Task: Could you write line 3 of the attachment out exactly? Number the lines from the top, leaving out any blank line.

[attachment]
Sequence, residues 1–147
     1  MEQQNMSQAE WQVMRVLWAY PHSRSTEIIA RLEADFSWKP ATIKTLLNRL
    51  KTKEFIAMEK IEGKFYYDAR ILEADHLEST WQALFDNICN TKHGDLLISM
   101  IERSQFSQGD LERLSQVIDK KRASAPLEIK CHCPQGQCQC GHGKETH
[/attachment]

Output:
    51  KTKEFIAMEK IEGKFYYDAR ILEADHLEST WQALFDNICN TKHGDLLISM